The first peak on the continental divide located 3.5 km WNW of Kicking Horse Pass. The S/SE slopes of the mountain are home to a huge avalanche chute which causes a threat to the Trans Canada Hwy in years of heavy snowfall. In 1971 the snow was so heavy that it was referred to as the "Year of the Hundred Year Avalanches" and it was the first time that explosives were used on the slopes of Bosworth. It was Peter Fuhrmann who was in charge of setting off the avalanche. He was the Alpine specialist for Parks Canada at the time.
So they bombed the slope and the following is from an article in the winter 2000-2001 issue of the Mountain Heritage Magazine: "The slide created a huge fracture line all the way across the mountain and [the slide] started to move very, very slowly. It was awe inspiring. Then the explosive charge went off and the slide started to pick up momentum. It was the only time I had ever seen a slide turn from white into complete black. The reason was that the slide was ripping out major timber and the soil with it. The timber and the soil were mixing with the snow to create a black cloud. Massive spears of timber were flying in all directions. When the slide hit the highway it took out everything. It went right across the highway, across Sink Lake and across the valley to the old 1A Highway. All the telecommunications to the west were wiped out and the impact was so great that it moved the bed of the railway."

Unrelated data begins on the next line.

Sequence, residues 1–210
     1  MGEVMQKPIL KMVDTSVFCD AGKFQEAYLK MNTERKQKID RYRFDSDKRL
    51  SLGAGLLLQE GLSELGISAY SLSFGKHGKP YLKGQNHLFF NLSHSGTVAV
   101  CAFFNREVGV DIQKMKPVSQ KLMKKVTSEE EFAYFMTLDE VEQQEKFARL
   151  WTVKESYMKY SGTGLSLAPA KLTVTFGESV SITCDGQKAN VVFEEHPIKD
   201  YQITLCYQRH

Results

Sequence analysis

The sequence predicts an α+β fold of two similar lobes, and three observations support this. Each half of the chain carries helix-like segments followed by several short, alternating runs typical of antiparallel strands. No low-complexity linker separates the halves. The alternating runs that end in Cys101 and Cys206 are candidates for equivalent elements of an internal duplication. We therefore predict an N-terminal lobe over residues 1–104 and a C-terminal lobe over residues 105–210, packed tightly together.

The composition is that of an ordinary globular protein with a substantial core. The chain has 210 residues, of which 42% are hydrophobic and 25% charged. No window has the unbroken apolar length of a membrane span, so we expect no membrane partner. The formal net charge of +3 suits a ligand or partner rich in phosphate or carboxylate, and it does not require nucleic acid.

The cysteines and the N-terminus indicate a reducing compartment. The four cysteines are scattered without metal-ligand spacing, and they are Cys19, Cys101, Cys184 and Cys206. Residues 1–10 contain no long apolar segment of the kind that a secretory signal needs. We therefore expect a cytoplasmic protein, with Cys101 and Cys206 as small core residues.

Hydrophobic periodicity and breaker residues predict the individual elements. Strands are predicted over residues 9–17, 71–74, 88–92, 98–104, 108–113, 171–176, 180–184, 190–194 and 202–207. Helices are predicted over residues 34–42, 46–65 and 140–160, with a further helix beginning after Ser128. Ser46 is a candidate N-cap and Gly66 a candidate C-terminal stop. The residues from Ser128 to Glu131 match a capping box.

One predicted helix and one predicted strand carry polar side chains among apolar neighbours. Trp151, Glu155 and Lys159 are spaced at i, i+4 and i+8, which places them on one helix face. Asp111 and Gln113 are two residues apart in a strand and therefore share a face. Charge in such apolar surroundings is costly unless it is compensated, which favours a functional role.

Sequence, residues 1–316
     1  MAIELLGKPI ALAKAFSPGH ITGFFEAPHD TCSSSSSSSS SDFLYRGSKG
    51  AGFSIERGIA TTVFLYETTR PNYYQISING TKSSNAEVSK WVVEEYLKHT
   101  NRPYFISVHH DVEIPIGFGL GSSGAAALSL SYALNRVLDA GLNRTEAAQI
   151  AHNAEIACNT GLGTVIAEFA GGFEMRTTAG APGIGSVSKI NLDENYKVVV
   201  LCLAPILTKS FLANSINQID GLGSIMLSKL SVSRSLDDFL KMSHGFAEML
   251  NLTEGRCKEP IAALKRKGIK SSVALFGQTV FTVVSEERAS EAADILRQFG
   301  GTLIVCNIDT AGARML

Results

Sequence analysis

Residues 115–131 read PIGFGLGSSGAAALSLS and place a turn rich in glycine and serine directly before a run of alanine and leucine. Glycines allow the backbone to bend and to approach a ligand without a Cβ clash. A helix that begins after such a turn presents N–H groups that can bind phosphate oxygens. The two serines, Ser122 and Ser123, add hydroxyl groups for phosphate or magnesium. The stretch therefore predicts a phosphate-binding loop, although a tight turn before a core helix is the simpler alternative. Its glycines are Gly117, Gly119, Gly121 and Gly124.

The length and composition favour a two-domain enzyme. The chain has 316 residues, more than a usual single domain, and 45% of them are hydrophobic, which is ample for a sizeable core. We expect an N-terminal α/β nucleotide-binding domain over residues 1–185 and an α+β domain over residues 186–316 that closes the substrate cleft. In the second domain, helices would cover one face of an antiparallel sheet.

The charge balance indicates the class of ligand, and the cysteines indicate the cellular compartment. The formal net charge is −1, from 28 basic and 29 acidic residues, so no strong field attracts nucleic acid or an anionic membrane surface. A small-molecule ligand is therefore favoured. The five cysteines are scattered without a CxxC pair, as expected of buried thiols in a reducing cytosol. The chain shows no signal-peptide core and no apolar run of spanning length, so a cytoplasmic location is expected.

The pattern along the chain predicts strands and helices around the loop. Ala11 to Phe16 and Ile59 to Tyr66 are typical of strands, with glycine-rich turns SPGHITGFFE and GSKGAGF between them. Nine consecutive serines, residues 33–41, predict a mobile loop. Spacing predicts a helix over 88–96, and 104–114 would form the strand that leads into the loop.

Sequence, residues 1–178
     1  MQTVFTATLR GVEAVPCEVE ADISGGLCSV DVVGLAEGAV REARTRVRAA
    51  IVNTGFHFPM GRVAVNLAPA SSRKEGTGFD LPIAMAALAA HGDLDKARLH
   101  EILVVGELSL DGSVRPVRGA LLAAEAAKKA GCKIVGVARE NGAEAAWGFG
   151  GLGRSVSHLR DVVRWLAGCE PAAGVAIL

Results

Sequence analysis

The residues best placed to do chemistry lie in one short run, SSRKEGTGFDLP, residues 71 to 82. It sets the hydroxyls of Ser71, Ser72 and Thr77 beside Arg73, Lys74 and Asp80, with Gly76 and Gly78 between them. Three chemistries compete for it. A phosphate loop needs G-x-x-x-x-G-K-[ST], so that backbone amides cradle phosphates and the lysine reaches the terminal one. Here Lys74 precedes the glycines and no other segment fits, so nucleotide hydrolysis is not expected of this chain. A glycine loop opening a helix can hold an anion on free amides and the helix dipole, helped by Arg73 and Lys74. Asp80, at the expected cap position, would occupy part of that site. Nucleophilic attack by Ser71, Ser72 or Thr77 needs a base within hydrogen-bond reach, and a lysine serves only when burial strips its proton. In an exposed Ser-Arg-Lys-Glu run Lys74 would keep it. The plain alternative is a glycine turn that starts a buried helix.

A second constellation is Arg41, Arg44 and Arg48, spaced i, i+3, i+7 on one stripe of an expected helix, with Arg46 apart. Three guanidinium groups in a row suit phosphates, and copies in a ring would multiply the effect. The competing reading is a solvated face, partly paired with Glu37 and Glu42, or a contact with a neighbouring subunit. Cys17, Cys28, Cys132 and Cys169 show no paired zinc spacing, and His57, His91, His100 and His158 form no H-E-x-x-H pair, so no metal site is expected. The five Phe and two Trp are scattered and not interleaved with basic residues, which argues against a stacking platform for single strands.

Name Notes: It was named in 1903 after George Bosworth who was one of the ubiquitous vice-presidents of the Canadian Pacific Railway. The CPR of the early 1900s seemed to have as many vice-presidents as this part of the Rockies needed names.